In context: Chrome has always been a snappy and stable browser. Its primary weakness is it is a resource hog, as it runs each tab and extension as a separate instance. Today's computers tend to have more than enough RAM and processing power to handle this Chrome quirk, but it is still inefficient when it comes to laptop batteries.

The next iteration of the Chrome browser may be better at handling background tabs, thus increasing battery life. The Windows Club notes that Chrome 86 has an experimental feature that will reduce power consumption by limiting how often idle processes can perform Javascript wakeups.

Currently, wakeups are done less than five seconds apart for each open tab. Some of these functions are simply not necessary when the user is not actively viewing the webpage. Processes like checking scroll position, ad interaction, or log reporting don't need to happen if the tab is not active. So Chrome 86 will reduce Javascript timers to one minute in idle tabs. Websockets and long polls for retrieving messages will not be affected.

Google recently tested an alpha with the function enabled. The experiment had 36 background tabs open to random pages and one active open to "about:blank." Running the browser state twice, once with timer throttling on and once with it off, Google found that the laptop's battery lasted about 2 hours (28 percent) longer (above).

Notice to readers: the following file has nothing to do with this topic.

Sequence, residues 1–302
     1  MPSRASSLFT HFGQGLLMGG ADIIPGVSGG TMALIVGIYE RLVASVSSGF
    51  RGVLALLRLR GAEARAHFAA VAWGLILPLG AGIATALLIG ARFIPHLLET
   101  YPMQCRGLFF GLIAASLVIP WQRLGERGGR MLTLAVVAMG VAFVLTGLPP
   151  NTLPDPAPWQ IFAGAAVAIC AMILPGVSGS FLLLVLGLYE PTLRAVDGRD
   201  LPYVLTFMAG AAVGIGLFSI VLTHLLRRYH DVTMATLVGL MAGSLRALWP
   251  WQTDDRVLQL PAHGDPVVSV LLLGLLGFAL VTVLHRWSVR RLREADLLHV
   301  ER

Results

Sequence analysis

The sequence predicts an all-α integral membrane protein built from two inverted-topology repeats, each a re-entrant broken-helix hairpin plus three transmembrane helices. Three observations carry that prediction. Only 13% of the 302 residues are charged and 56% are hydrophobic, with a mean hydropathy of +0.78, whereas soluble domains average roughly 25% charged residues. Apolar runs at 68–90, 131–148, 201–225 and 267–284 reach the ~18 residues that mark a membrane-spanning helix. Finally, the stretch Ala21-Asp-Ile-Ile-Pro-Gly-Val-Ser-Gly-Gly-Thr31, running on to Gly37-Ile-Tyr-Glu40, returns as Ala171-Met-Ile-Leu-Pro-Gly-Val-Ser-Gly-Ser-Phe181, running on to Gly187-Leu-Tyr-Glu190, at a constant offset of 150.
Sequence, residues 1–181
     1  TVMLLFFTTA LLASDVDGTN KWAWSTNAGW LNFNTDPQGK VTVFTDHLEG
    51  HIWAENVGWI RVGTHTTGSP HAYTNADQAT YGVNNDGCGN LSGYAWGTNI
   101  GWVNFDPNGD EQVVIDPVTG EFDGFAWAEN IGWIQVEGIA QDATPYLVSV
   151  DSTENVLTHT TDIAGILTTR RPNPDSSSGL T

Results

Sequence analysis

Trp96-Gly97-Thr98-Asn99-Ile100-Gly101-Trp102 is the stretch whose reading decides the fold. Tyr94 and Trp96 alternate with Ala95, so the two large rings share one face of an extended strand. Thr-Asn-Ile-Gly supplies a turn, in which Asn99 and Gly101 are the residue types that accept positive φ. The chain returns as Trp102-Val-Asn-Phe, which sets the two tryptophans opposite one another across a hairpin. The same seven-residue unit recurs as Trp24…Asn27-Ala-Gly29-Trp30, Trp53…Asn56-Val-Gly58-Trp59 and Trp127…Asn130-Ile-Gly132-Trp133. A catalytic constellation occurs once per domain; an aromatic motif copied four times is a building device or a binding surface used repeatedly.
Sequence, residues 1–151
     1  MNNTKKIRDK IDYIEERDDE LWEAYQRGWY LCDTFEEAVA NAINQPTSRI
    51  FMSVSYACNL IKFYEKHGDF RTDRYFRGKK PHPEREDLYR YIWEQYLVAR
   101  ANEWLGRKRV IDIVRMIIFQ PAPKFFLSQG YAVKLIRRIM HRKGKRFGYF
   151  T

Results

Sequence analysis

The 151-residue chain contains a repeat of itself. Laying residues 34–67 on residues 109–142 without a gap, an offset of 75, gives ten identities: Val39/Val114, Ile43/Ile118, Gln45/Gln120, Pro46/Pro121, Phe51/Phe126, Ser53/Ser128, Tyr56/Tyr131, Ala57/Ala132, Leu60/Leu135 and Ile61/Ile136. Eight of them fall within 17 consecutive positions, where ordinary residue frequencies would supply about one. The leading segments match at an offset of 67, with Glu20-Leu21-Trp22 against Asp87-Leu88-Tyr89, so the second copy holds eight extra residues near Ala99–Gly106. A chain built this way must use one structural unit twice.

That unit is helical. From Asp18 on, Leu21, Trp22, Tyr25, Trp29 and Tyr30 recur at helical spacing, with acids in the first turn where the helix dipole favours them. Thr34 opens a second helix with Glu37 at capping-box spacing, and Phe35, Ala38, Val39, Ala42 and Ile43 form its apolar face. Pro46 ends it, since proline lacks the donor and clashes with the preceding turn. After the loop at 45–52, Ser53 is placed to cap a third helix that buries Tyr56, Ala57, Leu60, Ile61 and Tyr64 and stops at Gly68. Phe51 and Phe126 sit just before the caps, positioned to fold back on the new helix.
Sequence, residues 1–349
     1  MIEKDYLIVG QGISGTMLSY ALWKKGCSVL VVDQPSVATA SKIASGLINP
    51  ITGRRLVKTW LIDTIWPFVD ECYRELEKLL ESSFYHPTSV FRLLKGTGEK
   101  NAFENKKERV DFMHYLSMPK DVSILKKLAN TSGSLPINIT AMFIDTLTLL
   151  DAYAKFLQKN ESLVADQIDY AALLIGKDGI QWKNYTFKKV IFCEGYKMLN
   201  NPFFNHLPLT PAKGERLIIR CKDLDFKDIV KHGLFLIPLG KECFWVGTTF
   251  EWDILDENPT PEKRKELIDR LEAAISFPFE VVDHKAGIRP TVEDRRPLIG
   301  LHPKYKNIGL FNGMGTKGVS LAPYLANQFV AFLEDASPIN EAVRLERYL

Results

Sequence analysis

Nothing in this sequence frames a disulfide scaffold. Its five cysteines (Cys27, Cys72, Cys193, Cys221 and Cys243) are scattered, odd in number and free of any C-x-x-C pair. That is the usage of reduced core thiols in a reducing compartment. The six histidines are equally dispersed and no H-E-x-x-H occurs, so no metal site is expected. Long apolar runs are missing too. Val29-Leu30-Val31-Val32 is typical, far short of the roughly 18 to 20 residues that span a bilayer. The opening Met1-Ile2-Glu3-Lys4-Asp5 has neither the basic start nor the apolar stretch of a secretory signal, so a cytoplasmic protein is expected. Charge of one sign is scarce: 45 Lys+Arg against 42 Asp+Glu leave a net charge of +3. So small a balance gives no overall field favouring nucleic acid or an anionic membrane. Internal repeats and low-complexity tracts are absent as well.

For comparison, it ran the experiment in Safari, which uses a similar throttling technique. Apple's browser still proved slightly more energy-efficient, powering the laptop for 9.3 hours. Granted, 37 tabs is an extreme use case, but still within the realm of the most prolific tab hoarder.

In a similar experiment, Google ran a YouTube video in the active tab and disabled 'Energy Saver' and "Automatically adjust brightness" settings. It found that the battery lasted about 4.7 hours with throttling off versus 5.3 hours with it enabled, but that was only a 36 minute gain over having the active tab as about:blank (below).

Of course, mileage is going to vary. Those who only use a few tabs at any given time are not going to see much increase in battery life. However, users who tend to have 10 or more sites open should see some improvement.

Besides the gains in energy efficiency, it is nice to see Google finally streamlining the way Chrome's idle processes work. Eliminating unnecessary background checks is a no-brainer that has been a long time coming. However, there is no guarantee that the feature will be ready in time for Chrome 86, if at all. If it does, it should be included in all versions of Chrome.

Image credit: Evan Lorne